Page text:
Album Review: Mew – No More Stories…

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Some bands create epic tracks with great effort and still come off as fake and insincere. Mew produces epic tracks without breaking a sweat. There is, however, a new direction on the fourth full-length effort, complete with a title too long for headlines, No More Stories/Are Told Today/I’m Sorry/They Washed Away/No More Stories/The World Is Grey/I’m Tired/Let’s Wash Away. Coming after And the Glass Handed Kites, this time around the band produced light, dreamy soundscapes that feel as comfortable as a nice, warm blanket, protecting one from an otherwise dark and dreary world.

“New Terrain” opens the album like a reset button for the mind, completely erasing everything you know — some parts were even recorded backwards. The opener slowly kicks in with a slow-ticking drumbeat (for those of you only familiar with the digital age, clocks actually used to tick) that soon morphs into a track that crawls in your ear and gets cozy. Hooks layer the song, as it builds into a pounding, drum-heavy number which eventually fades back into silence.

However, as soon as the first single, “Introducing Palace Players”, kicks in, singer Jonas Bjerre reminds one that “You gotta get back up yourself,” and, thanks to this song, that’s exactly what you want to do: Get up… and dance. The bouncing guitar parts of Bo Madsen do their best to stay on the off-beat, as nothing about this song stays stable for long. The second single, “Repeater Beater”, starts off with heavy guitar riffs and bass drum hits before quickly turning into a two-and-a-half-minute dance fest. The song, as Bjerre appropriately sings, leaves you with “Nothing to say” though much more than “Nothing to do.”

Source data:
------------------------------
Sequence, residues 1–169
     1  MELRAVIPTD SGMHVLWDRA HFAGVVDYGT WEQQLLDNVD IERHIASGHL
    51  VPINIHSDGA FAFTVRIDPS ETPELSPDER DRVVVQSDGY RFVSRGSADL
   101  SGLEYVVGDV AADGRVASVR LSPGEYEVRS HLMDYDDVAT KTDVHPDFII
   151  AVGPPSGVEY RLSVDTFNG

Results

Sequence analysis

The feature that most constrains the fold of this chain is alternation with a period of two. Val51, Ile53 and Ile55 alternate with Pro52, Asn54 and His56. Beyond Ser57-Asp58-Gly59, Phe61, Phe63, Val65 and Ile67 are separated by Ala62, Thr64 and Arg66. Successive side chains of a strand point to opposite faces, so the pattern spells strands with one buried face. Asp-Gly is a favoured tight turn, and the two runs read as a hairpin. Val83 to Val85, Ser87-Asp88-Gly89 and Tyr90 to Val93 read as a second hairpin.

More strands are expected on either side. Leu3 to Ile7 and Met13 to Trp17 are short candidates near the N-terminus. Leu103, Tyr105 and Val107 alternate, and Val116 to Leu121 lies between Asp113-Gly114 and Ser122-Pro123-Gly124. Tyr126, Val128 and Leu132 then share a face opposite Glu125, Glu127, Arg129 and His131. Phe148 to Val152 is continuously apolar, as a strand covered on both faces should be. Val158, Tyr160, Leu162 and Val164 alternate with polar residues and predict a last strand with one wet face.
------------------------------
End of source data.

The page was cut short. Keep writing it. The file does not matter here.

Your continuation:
This time around, the band bypassed bringing in guest artists and instead chose to head back to school by inviting a kids choir to sing vocal parts, which is most notable on the percussion-laden “Hawaii”. The kids add a tinge of innocence to the already blindingly bright tunes they sing on.

However, not all the tracks remain quite so lyrically positive. “Sometimes Life Isn’t Easy” sounds like a terrible case of being “lovesick,” as Bjerre sings, “Hold my arms back when they beat me/Leave me in the ditch where they kick me/Sever my limbs and deceive me.” Throw in a tenor sax, hand claps, and a piano part, and this song contains a little bit of everything to utterly enthrall and relax every muscle in your body.

Mew’s music is like the paintings of Salvador Dali, or any other great surrealist artist for that matter; it melts away time and space into a glorious picture of a moment in time. Much like the last few albums, this one is sure to receive high praise from many outlets; however, only in due time will we truly be able to understand and appreciate what Mew has created.

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